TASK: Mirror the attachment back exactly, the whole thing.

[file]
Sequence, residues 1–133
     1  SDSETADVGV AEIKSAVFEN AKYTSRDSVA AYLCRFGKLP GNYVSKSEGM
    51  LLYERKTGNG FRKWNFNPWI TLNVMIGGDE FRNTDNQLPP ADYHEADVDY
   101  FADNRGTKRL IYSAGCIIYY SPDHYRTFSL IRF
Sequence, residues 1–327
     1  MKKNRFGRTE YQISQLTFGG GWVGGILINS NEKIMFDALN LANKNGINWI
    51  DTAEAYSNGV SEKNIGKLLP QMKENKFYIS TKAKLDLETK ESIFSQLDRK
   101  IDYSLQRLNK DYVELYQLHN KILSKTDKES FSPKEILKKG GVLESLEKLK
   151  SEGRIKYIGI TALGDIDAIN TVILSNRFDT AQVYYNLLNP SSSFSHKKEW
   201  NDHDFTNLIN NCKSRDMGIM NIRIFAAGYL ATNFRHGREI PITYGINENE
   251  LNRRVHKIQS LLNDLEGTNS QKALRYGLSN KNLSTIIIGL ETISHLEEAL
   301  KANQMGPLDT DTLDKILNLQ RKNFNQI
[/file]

Sequence, residues 1–133
     1  SDSETADVGV AEIKSAVFEN AKYTSRDSVA AYLCRFGKLP GNYVSKSEGM
    51  LLYERKTGNG FRKWNFNPWI TLNVMIGGDE FRNTDNQLPP ADYHEADVDY
   101  FADNRGTKRL IYSAGCIIYY SPDHYRTFSL IRF
Sequence, residues 1–327
     1  MKKNRFGRTE YQISQLTFGG GWVGGILINS NEKIMFDALN LANKNGINWI
    51  DTAEAYSNGV SEKNIGKLLP QMKENKFYIS TKAKLDLETK ESIFSQLDRK
   101  IDYSLQRLNK DYVELYQLHN KILSKTDKES FSPKEILKKG GVLESLEKLK
   151  SEGRIKYIGI TALGDIDAIN TVILSNRFDT AQVYYNLLNP SSSFSHKKEW
   201  NDHDFTNLIN NCKSRDMGIM NIRIFAAGYL ATNFRHGREI PITYGINENE
   251  LNRRVHKIQS LLNDLEGTNS QKALRYGLSN KNLSTIIIGL ETISHLEEAL
   301  KANQMGPLDT DTLDKILNLQ RKNFNQI